How to Tell If a GED Is Fake

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When you decide to get a GED, or General Educational Development test, the reasons why you did not originally finish high school no longer matter. You are giving yourself a valuable tool that will serve as a springboard to college or a better job. But what if the GED you thought you received was actually a fake -- and worse, you find out when applying for college or your dream job? When obtaining your GED, arm yourself with the information that will protect your hard work -- and your reputation.

  • Access to a GED testing center
  • GED practice tests

1 Beware

Beware of programs that promise a diploma in a short period of time. Getting your GED in a few days or one week is unrealistic. Preparing for the test, gathering information from your local GED testing center, and then waiting for the test results will take a few weeks at the very least. Contact your local testing center to obtain practice testing materials. To find a testing center near you, use the GED Testing Center search feature from the American Council on Education website (see References).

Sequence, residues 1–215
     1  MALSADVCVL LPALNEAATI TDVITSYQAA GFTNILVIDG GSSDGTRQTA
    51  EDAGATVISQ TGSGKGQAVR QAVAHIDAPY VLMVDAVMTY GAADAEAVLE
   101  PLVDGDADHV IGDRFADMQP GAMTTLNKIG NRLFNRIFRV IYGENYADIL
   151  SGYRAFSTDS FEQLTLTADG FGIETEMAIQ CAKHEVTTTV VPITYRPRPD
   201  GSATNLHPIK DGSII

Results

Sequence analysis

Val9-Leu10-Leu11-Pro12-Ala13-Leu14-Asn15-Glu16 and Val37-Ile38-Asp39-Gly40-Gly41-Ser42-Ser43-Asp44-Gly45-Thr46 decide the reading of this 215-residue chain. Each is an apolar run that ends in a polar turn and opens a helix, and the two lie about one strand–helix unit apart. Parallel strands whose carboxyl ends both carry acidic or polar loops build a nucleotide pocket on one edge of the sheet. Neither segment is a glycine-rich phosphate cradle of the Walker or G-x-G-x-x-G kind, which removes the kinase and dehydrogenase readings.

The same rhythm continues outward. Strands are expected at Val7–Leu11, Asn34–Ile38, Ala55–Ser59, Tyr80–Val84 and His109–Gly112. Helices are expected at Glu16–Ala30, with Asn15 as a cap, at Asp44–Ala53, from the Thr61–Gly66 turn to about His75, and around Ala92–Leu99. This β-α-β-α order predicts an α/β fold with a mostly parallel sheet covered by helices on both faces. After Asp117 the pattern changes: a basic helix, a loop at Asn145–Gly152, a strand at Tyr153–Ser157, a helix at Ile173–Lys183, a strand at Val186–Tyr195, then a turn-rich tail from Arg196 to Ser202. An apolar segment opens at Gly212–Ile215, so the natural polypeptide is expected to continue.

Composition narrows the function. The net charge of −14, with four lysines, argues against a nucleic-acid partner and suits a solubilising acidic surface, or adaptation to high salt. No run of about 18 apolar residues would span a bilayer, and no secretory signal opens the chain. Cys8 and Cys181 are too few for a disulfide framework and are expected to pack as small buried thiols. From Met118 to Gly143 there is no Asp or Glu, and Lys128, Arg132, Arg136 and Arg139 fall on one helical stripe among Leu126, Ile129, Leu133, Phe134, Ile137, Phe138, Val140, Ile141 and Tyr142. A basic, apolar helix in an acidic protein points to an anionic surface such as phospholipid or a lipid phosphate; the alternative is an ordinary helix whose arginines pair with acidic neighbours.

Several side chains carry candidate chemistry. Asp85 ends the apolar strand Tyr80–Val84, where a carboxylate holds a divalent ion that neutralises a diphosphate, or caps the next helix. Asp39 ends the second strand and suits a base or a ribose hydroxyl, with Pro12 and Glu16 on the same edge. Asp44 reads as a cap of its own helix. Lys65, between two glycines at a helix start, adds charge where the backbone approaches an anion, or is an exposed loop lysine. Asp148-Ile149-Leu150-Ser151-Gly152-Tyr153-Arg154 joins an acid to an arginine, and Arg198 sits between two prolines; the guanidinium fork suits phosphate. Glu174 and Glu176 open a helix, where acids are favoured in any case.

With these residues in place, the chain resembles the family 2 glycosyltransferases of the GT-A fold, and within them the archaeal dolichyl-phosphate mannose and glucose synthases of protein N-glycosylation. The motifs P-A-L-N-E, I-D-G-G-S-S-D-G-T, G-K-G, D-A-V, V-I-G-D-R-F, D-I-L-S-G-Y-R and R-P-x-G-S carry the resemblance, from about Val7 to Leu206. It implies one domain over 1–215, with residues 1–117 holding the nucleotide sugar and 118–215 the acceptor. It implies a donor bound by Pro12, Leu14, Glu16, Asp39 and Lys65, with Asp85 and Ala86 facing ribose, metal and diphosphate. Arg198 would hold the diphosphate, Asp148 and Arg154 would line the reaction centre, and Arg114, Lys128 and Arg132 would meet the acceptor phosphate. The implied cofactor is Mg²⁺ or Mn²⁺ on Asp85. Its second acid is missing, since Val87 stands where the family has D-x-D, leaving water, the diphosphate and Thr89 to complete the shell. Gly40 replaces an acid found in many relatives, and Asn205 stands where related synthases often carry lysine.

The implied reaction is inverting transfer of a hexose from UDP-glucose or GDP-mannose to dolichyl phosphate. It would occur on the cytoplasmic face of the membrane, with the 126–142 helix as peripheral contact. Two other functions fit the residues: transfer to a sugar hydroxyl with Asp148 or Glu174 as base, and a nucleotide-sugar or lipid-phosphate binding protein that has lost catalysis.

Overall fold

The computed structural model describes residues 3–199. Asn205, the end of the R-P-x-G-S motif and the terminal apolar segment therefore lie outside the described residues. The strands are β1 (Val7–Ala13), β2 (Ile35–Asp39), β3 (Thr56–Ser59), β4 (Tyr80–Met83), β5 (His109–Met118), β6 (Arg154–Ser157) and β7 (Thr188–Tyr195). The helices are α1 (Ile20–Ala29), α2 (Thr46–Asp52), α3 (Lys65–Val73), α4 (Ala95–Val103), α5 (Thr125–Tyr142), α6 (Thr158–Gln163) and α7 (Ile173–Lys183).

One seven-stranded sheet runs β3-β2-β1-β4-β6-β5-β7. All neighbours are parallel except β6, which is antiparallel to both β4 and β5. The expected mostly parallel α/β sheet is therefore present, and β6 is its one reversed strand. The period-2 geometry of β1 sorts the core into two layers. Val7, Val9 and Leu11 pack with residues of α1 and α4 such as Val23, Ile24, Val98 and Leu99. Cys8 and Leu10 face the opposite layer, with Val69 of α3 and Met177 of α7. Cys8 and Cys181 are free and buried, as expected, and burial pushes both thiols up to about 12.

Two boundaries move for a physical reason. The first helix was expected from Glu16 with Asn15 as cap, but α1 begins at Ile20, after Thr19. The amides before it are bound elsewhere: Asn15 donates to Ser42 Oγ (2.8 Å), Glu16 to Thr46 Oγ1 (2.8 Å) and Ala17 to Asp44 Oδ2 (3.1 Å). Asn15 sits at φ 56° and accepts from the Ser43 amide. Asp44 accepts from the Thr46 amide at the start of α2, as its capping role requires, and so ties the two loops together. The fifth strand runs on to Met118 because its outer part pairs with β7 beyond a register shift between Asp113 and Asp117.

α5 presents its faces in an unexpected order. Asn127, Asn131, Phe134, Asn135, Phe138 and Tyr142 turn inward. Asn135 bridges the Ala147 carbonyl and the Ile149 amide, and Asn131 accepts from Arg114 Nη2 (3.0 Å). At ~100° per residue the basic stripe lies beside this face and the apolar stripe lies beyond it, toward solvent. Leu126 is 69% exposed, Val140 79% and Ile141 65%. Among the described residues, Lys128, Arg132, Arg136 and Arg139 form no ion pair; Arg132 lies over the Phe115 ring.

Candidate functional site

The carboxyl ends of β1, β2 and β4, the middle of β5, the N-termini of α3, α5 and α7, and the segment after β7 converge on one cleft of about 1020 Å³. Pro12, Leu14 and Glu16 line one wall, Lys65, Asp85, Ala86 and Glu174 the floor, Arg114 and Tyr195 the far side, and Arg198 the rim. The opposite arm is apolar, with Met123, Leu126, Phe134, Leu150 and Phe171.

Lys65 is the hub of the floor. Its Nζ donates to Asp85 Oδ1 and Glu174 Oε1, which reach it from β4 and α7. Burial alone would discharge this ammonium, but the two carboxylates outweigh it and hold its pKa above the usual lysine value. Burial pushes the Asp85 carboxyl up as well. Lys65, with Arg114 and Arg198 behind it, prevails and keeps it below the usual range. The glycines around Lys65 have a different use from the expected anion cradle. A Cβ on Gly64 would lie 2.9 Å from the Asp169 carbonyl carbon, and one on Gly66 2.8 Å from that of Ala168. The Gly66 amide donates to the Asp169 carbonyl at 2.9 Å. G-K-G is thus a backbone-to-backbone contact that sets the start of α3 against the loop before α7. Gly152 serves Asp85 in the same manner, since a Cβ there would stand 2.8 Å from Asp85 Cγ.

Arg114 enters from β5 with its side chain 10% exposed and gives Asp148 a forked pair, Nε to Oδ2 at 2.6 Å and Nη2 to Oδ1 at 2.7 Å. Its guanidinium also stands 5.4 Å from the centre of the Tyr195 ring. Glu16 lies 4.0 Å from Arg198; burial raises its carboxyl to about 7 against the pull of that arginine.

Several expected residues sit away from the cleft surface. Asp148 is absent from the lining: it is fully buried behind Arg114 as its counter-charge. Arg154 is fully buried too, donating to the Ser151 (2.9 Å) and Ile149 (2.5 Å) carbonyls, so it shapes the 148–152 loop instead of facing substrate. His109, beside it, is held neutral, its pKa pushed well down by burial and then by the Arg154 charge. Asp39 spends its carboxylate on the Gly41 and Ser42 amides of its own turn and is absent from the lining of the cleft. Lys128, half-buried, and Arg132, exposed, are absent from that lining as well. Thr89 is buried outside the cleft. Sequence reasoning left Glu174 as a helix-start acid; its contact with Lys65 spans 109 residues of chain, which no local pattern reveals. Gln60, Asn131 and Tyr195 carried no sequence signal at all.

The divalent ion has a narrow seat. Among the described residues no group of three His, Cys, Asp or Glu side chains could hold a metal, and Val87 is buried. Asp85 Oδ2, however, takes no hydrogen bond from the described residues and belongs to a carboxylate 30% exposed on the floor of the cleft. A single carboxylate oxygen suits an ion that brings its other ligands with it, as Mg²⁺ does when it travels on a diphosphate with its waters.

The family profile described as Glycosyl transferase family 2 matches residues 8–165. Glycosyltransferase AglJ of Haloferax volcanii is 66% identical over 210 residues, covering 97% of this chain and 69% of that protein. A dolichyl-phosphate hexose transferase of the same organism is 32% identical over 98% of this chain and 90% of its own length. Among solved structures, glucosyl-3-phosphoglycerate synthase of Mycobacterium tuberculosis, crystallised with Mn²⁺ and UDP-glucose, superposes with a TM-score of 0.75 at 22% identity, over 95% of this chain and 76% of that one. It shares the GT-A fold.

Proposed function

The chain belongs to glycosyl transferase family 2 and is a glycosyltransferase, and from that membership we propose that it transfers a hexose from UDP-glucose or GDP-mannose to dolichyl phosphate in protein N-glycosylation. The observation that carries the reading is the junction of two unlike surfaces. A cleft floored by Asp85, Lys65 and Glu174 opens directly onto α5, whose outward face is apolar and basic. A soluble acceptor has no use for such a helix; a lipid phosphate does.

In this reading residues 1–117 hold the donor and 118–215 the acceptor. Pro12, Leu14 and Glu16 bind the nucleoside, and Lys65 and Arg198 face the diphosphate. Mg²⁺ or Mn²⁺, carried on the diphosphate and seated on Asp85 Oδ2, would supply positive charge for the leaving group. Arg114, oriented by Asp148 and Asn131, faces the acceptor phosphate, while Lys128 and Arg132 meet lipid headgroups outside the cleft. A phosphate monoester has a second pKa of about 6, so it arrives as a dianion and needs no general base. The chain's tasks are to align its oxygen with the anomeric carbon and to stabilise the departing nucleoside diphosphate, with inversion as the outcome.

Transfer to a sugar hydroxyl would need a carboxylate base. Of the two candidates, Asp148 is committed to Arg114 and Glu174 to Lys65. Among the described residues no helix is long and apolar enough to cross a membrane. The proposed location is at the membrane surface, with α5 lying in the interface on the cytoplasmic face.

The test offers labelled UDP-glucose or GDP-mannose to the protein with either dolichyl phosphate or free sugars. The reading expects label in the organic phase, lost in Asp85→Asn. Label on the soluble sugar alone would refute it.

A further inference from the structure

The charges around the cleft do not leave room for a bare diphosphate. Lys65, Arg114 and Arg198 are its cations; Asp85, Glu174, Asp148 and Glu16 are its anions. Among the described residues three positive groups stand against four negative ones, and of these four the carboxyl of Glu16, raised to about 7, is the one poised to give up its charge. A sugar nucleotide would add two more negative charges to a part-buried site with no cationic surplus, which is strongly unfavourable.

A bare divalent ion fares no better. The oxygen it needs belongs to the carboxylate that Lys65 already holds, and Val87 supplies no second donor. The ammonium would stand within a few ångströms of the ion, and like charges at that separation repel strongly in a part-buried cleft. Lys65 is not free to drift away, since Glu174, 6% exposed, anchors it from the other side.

2 Drop

Drop the GED program if it promises you better grades. This is a tell-tale sign the diploma you ultimately receive might be a fake. The only entity that can promise you a stellar grade on the GED is you.

3 Never take a GED test online

Never take a GED test online. The one place where you are guaranteed to take an authentic, official GED test is at a GED testing center. More than likely, there is a local testing center near you. A GED test taken online is a scam.

4 Double-check

Double-check the school's accreditation if you are taking a GED test from an online high school program. If you are also applying for college, check with the admissions staff to see if the college will accept a GED diploma from this program.

  • Avoid taking a GED test from an establishment that is not a member of the Better Business Bureau.
  • If you're nervous about taking the GED, consider trying a practice test first, so you have an idea of what to expect and how to prepare.
  • Your local GED testing center offers information and resources to help you properly prepare for the GED.

Christine Margiotta began writing in 2003. Her work has been featured on various websites. In 2004 her journalism won a New York State Associated Press Award and an Award of Excellence from the New York Newspaper Publishers Association. Margiotta received a Master of Arts in journalism from Syracuse University.